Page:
Pre-natal health care
The key to your child's health care is to take prenatal care regularly. If you think you are pregnant, the first step is to visit a gynecologist. In the first visit of a pregnancy test you will know what month and period you are. (Ultrasound ultrasound that will be done later in pregnancy will help confirm that date). During pregnancy, the doctor evaluates your weight and blood pressure. During pregnancy, you should also have pre-natal tests, including blood, urine, and cervical tests, and at least one ultrasound.
Nutrition during pregnancy
You need about 300 additional calories per day, especially during pregnancy, when your baby grows fast. But if you are overweight, the doctor advises you to eat less calories. Try to have a balanced diet. This regime is:
Low-fat dairy products
Before you get pregnant, your body needs essential nutrients (especially calcium, iron, and folic acid). Specialists prescribe prenatal vitamins to ensure that you are fully healthy and your baby grows well. It's important to remember that you should eat well during pregnancy.
For most women 19 years of age and older, including those who are pregnant, it is recommended that 1000 mg of calcium per day is consumed. Since your baby's calcium needs are rising, you should take calcium intake with your doctor and with calcium supplements.
Good sources of calcium include:
Low-fat dairy products include milk, pasteurized cheese and yogurt
Calcium-reinforced products, including orange juice, soy milk and cereals
Dark green vegetables including spinach, cabbage and broccoli
Pregnant women need about 30 milligrams of iron every day. Because iron is essential for the production of hemoglobin, the molecule of oxygenating the red blood cell, red blood cells circulate around the body to transfer oxygen to all its cells. Without enough iron, the body can not produce enough red blood cells and do not receive the body tissues and organs needed for good function. For this reason, it is very important for pregnant women to take iron in a daily diet. Although nutrients are present in different types of foods, iron in the meats can be more easily absorbed into plant foods than iron. Foods rich in iron include:
Dried beans and peas
Green vegetables with dark leaves
Grain Fortified Iron Feeds
Folate (folic acid)
Gynecologists recommend that all women, from the age of puberty, and especially those who are planning pregnancy, receive 0.4 mg of folic acid every day. Studies have shown that taking folic acid supplementation 1 month before and during the first 3 months of pregnancy reduces the risk of adverse effects of the fetal neural tube.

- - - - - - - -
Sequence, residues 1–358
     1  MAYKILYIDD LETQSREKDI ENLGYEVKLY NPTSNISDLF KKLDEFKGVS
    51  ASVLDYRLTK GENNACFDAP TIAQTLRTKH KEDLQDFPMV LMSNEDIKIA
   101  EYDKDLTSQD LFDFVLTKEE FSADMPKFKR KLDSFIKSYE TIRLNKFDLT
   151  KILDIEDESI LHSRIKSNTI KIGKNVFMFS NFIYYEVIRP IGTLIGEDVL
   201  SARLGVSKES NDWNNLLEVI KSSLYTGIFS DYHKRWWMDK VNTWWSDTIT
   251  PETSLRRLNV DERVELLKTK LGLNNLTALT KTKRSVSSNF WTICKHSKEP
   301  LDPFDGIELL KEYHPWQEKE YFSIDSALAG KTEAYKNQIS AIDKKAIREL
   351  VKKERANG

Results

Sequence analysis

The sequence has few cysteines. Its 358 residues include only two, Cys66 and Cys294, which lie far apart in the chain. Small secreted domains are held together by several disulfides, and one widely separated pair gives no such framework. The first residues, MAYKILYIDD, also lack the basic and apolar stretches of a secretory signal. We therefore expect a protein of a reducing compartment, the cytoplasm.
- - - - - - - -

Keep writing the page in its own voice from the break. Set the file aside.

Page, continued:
The neural tube is formed during the first few weeks of pregnancy, probably before the woman even knows that she is pregnant, and turns into the brain and spinal cord of the baby. When the neural tube does not form properly, the result is a neural tube defect such as Spina Bifida. All pregnancy supplements contain folic acid.
It is important to take a lot of fluids, especially water during pregnancy. The woman's blood volume is dramatically increased during pregnancy, and enough drinking water every day can help prevent common problems, such as dehydration and constipation.
The doctor recommends a minimum of 150 minutes of average aerobic activity per week. If you have a very intense aerobic activity before your pregnancy, you may be able to continue your exercise until you talk to your doctor before starting or continuing any exercise.
It is important to have enough sleep during pregnancy. You may feel tired too often. This is because your baby's weight is pushing blood vessels and you're tired. Adequate sleep can also help prevent or reduce varicose veins, hemorrhoids and swelling in the legs.
What you need to avoid during pregnancy
One of the most commonly known causes of mental and physical defects is alcohol, which can cause severe disorders in a growing fetus. Alcohol is easily transmitted to the child. Alcohol consumption as well as carbonated drinks can damage the child's growing nervous system.
Avoid cigarettes and nicotine
The dangers of using nicotine and carbon monoxide are:
Low birth weight
Sudden Infant Death Syndrome (SIDS)
Asthma and other respiratory problems in the child
Avoid harmful drugs for the baby
Before pregnancy, you should consult your gynecologist and specialist. Leave a series of medications if necessary, because unfortunately, some drugs increase the risk of early delivery and cause behavioral problems in the fetus. If you smoke, being pregnant may be the motive behind the wrong habit.
High caffeine consumption is associated with an increased risk of abortion. Try to reduce your intake by one or two cups a day.